It's really the price that's going to turn people off. We can't do much about that. Now, the UK had something called a Sustainable Development Commission started, I think in the early two thousands and ran for about ten years. So the UK government, in their wisdom, decided to set up this Sustainable Development Commission.

And surely all nations should have something similar to that where independent experts can advise the government on what sustainability is and whether their policies and laws are taking the nation closer to sustainability or further away from sustainability. But they won't do it because I think they suspect if they did, these experts would tell the government you're not remotely sustainable, because the USA is not remotely sustainable.

China, India, Japan, none of these countries are remotely sustainable. They have to completely change course. And that is what a properly constituted sustainability Commission in each country would tell their elected leaders. You have to change course.


I want to ask you both a question, and it ties right back to what you just said. I believe that there is capture in pretty much all the state governments around the world. I think that the individuals that are in power and the supporting apparatus that doesn't get elected has interests that exceed that of the population. In fact, dominate that of population.

And so there is an assumption that if they just knew this, they do different. But we can see the need to constantly grow and add to the bottom line, the profit margin, depressing wages, increasing profits. And we have seen income inequality explode. This model here is corrosive in and of itself. Their ability to survive is compromised immediately based on this model.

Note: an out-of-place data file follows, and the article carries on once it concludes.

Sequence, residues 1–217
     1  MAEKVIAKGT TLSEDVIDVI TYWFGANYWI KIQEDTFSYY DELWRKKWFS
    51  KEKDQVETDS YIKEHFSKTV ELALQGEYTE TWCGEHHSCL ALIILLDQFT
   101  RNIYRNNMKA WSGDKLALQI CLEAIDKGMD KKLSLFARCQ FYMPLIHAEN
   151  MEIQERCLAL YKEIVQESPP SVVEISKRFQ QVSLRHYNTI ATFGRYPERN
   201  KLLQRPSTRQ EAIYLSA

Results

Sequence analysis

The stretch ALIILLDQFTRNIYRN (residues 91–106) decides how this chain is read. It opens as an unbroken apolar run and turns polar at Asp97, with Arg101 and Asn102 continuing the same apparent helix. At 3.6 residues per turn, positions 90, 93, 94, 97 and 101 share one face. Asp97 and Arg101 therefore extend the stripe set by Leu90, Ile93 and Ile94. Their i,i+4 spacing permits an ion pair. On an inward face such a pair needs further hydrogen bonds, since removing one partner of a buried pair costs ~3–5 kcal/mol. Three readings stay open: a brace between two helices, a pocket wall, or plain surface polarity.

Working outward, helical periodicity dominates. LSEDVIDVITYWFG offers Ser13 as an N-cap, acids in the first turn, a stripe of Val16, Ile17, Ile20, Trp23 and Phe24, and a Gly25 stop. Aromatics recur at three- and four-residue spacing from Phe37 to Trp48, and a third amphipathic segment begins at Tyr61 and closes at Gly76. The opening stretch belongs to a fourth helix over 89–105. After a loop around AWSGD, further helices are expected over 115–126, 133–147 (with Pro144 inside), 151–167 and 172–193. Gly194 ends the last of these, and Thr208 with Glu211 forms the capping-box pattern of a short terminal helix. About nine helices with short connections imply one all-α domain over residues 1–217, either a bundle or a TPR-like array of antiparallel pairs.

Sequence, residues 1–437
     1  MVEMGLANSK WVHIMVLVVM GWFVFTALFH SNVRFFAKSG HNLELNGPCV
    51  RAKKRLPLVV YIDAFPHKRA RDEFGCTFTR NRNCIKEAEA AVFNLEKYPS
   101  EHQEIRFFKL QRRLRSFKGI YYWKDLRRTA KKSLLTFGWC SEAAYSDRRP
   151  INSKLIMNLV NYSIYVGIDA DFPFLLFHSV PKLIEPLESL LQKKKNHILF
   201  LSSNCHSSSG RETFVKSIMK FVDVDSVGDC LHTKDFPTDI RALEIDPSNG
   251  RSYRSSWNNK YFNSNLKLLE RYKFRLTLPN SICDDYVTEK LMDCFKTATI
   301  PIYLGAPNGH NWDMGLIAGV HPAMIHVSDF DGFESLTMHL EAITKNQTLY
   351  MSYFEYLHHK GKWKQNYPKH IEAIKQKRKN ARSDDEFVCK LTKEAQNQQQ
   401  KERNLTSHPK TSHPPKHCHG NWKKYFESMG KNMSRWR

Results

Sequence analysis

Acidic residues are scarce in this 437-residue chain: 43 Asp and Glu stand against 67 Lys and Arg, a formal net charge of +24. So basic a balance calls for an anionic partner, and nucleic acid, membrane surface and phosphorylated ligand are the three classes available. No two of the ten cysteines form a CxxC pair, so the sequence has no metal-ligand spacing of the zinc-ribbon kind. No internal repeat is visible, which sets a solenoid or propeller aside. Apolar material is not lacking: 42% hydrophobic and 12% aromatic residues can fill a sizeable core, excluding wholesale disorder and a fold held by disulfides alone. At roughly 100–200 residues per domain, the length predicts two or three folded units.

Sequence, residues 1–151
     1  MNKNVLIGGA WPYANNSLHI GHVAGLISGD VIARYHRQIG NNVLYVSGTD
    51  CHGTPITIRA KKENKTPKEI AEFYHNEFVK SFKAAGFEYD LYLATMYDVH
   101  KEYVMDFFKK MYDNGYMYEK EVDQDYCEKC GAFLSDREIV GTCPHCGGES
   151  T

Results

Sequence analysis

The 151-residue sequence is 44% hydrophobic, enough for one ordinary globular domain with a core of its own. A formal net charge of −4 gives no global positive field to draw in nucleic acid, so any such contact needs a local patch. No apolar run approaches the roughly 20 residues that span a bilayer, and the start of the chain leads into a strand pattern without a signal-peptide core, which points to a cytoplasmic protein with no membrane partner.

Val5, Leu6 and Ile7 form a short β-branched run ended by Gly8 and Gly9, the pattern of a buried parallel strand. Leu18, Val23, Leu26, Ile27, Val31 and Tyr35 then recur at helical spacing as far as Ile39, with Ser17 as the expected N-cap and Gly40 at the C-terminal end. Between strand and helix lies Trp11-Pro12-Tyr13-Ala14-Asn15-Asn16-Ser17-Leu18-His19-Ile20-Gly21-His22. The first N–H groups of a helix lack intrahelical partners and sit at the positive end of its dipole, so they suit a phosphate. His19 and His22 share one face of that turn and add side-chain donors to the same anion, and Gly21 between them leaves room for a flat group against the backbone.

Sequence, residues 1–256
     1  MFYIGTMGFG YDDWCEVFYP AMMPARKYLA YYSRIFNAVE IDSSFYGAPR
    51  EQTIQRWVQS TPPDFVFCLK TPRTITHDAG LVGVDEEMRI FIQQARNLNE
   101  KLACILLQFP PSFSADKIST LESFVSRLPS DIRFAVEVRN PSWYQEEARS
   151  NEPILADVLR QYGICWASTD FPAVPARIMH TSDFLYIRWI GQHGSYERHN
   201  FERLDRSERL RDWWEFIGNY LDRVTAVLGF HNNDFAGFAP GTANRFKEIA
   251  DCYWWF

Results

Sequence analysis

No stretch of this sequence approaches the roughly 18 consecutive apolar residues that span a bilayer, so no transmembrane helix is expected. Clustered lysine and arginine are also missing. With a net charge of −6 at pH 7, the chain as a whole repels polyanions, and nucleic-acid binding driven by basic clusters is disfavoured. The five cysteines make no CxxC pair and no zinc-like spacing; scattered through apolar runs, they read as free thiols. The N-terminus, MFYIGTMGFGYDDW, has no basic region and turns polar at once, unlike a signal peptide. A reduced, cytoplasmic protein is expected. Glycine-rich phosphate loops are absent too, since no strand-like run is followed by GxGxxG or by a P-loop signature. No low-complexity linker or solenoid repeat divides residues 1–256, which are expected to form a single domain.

Add in the ecological component and even the purveyors of this perverse belief system are going to be impacted. This seems kind of crazy. Part of me thinks that it's not so innocent, though, at that level that they know.


This is a $64 question. And Stephen mentioned how Bill Mitchell said that education is the key. It is to some extent, but it's only part of the solution. Before we started recording this interview, we were talking about democracy in the USA. I'm a great believer that there's no true democracy anywhere in the world. We just live in a world of plutocracies.

Some are dressed up as democracies, some aren't even dressed up as democracies. They just admit they're plutocracy places like China. They don't even try to pretend that they're democracies. Some countries are closer to what we might call a democracy than others. But the end of the day, all countries are just plutocracy.

Basically, we're governed by people who represent the rich and powerful. And of course, they persist with policies and an economic system that benefits them at the expense of the majority of not only of current society but future generations. If there is one group of people, if you want to call them that because they don't currently exist, that are going to suffer most from all this, it's future generations, because we don't appear to be doing anything concrete at the rate that's required to deal with climate change.

The recent United Nations Framework Convention on Climate Change Conference, the Cop conference that was in Glasgow, was a complete failure, as they all are. And so if anyone's being robbed of future generations. And I think that's largely due to the fact that we live in a world of plutocracies. And I don't think we'll see what the people want.

And this is where education is important, because even if we have a situation where the general population is properly represented, you only get representatives that reflect the knowledge of the general population. But I think that until such time as we get to a point where things are so bad that people won't.